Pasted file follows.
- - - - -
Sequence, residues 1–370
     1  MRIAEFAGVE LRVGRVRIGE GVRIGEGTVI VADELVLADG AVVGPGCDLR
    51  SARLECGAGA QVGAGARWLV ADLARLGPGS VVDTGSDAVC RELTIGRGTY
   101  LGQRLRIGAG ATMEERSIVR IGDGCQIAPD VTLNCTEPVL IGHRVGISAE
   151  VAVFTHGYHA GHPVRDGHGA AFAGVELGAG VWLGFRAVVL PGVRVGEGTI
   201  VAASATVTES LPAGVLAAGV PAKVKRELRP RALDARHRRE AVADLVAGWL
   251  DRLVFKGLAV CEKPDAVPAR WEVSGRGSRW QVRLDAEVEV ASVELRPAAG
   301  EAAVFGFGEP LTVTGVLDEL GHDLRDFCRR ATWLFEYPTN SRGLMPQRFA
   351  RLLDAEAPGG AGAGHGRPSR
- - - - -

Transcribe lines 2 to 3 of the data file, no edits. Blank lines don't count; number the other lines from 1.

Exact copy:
     1  MRIAEFAGVE LRVGRVRIGE GVRIGEGTVI VADELVLADG AVVGPGCDLR
    51  SARLECGAGA QVGAGARWLV ADLARLGPGS VVDTGSDAVC RELTIGRGTY